Living With Diabetes Diabetic Recipes: Grilled Tenderloin of Beef with Spicy Fresh Herb Vinaigrette, LaVonne
|Recipe Title:: Grilled Tenderloin of Beef with Spicy Fresh Herb Vinaigrette|
Contributed By: LaVonne
Additional Credits for The Recipe
|Oprah magazine cookbook|
|tender, juicy and spicy....a real change from the norm.|
The vinaigrette can be prepared several hours in advance of the beef.
List of Ingredients:
1 cup(s) (loosely packed) parsley leaves
1 cup(s) (loosely packed) basil leaves
1/2 cup(s) (loosely packed) mint leaves
1 tablespoon(s) fresh thyme leaves
1/4 teaspoon(s) red pepper flakes, or more to taste
1 large clove garlic
2 tablespoon(s) white wine vinegar
2/3 cup(s) olive oil
1 teaspoon(s) kosher salt, plus more to taste
1 (5- to 6-pound) beef tenderloin, trimmed
2 tablespoon(s) olive oil
2 teaspoon(s) kosher salt
2 teaspoon(s) cracked black pepper
To make vinaigrette: In a blender or the bowl of a food processor fitted with knife blade, combine herbs, red pepper flakes, and garlic. Pulse until well chopped. Add vinegar and pulse to combine. With the motor running, slowly add 2/3 cup olive oil until vinaigrette is almost pureed. Add salt and adjust seasoning to taste. Transfer to a serving bowl and set aside.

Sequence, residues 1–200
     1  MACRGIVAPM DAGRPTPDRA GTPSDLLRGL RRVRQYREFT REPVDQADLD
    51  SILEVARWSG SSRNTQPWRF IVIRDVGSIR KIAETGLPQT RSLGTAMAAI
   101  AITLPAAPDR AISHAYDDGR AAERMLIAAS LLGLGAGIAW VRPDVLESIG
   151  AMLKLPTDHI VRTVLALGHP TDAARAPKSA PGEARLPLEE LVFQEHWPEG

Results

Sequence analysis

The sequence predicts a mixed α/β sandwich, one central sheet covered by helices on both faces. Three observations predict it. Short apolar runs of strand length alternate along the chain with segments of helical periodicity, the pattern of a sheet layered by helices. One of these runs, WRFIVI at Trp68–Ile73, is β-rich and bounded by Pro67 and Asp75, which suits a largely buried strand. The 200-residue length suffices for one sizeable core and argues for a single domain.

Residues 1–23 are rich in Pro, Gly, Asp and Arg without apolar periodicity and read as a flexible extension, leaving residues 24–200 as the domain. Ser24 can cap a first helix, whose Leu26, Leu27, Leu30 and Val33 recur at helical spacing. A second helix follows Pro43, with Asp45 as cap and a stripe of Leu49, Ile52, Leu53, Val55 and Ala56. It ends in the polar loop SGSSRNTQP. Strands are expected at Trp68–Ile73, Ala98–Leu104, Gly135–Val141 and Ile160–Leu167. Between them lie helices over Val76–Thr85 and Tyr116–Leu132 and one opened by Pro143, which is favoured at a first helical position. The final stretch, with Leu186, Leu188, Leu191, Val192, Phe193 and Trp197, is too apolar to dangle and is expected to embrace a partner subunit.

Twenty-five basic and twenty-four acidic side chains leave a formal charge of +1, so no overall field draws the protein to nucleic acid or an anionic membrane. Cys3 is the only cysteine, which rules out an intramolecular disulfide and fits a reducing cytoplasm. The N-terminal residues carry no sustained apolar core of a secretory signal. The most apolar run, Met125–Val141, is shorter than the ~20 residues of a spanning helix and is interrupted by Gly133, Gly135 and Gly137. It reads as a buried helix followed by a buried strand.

To make beef: Preheat gas grill to medium-high, or prepare a charcoal grill for direct grilling over medium-high heat. Brush meat with olive oil and sprinkle with salt and pepper. Place on grill, cover and cook 30 to 40 minutes, turning every 5 minutes. For rare beef, remove from grill when a meat thermometer reads 115 degrees (120 degrees for medium rare). Let sit 20 minutes; the temperature of the tenderloin will rise about 10 degrees and it will continue to cook. Slice and serve warm or at room temperature, topped with herb vinaigrette.
Cooking Time and Temperature:
|30 to 40 min|
115* - 120*
let stand 20 min.
Number of Servings: 5 - 8 servings
Nutritional Analysis: not given
Main Dish ~ Beef
Cooking / Prep Method
Grill (Direct Heat)
(Image by LaVonne)
[ Comment ]
According to the CDC Diabetes is one of the most common chronic diseases in children and adolescents; about 151,000 people below the age of 20 years have diabetes. When diabetes strikes during childhood, it is routinely assumed to be type 1, or juvenile-onset diabetes. However, in the last 2 decades, type 2 diabetes (formerly known as adult-onset diabetes) has been reported among U.S. children and adolescents with increasing frequency.